Altered pallido-pallidal synaptic transmission leads to aberrant firing of globus pallidus neurons in a rat model of Parkinson’s disease.

Cristina Miguelez, Stéphanie Morin, Audrey Martinez, Michel Goillandeau, Erwan Bezard, Bernard Bioulac, Jérôme Baufreton
The Journal of Physiology. 2012-09-25; 590(22): 5861-5875
DOI: 10.1113/jphysiol.2012.241331

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1. J Physiol. 2012 Nov 15;590(22):5861-75. doi: 10.1113/jphysiol.2012.241331. Epub
2012 Aug 13.

Altered pallido-pallidal synaptic transmission leads to aberrant firing of globus
pallidus neurons in a rat model of Parkinson’s disease.

Miguelez C(1), Morin S, Martinez A, Goillandeau M, Bezard E, Bioulac B, Baufreton
J.

Author information:
(1)Univ. de Bordeaux, Institut des Maladies Neurodegeneratives, UMR 5293, F-33000
Bordeaux, France.

The pattern of activity of globus pallidus (GP) neurons is tightly regulated by
GABAergic inhibition. In addition to extrinsic inputs from the striatum (STR-GP)
the other source of GABA to GP neurons arises from intrinsic intranuclear axon
collaterals (GP-GP). While the contribution of striatal inputs has been studied,
notably its hyperactivity in Parkinson’s disease (PD), the properties and
function of intranuclear inhibition remain poorly understood. Our objective was
therefore to test the impact of chronic dopamine depletion on pallido-pallidal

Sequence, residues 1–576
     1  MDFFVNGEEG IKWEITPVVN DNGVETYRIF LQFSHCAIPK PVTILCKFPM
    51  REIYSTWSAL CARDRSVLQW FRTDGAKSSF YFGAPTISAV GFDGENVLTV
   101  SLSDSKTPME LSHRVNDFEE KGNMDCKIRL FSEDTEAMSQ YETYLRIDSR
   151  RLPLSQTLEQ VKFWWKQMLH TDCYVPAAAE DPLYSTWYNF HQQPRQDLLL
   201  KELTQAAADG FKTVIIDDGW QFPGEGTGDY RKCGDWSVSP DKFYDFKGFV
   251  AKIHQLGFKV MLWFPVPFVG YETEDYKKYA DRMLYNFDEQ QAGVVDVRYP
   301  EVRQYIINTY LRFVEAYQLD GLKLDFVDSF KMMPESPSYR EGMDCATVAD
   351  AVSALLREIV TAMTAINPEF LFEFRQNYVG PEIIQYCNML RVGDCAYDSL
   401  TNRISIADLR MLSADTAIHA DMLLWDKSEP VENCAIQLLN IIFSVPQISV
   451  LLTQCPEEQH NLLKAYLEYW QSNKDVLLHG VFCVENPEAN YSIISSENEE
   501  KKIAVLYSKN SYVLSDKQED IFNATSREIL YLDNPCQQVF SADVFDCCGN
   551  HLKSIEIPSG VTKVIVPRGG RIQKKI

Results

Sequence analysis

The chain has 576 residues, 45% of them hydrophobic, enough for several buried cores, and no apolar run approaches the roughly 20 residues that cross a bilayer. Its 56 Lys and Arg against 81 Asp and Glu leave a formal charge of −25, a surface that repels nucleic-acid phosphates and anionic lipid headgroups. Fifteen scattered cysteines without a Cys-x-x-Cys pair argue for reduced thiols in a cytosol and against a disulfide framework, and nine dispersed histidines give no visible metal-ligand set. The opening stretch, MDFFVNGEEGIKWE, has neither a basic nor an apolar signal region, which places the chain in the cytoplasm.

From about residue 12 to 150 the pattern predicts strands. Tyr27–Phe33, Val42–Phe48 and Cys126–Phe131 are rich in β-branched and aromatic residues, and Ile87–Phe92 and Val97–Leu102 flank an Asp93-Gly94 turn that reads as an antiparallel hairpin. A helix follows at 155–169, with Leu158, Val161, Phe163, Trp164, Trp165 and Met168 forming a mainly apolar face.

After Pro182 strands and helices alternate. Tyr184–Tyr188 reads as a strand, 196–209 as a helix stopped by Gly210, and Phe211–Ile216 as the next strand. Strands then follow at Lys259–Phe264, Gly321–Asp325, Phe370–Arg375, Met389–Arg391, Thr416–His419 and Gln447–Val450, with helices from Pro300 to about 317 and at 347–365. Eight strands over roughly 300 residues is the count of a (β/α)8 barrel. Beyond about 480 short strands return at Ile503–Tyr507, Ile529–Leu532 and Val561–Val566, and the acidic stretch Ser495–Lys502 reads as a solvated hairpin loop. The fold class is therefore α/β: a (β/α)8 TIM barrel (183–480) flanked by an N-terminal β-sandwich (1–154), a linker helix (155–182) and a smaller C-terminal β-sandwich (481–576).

transmission. Using patch-clamp whole-cell recordings in rat brain slices, we
combined electrical and optogenetic stimulations with pharmacology to
differentiate basic synaptic properties of STR-GP and GP-GP GABAergic synapses.
GP-GP synapses were characterized by activity-dependent depression and
insensitivity to the D(2) receptor specific agonist quinpirole and STR-GP
synapses by frequency-dependent facilitation and quinpirole modulation. Chronic
dopamine deprivation obtained in 6-OHDA lesioned animals boosted the amplitude of
GP-GP IPSCs but did not modify STR-GP transmission and increased the amplitude of
miniature IPSCs. Replacement of calcium by strontium confirmed that the quantal
amplitude was increased at GP-GP synapses. Finally, we demonstrated that boosted
GP-GP transmission promotes resetting of autonomous activity and rebound-burst
firing after dopamine depletion. These results suggest that GP-GP synaptic
transmission (but not STR-GP) is augmented by chronic dopamine depletion which
could contribute to the aberrant GP neuronal activity observed in PD.

DOI: 10.1113/jphysiol.2012.241331
PMCID: PMC3528996
PMID: 22890706 [Indexed for MEDLINE]


Auteurs Bordeaux Neurocampus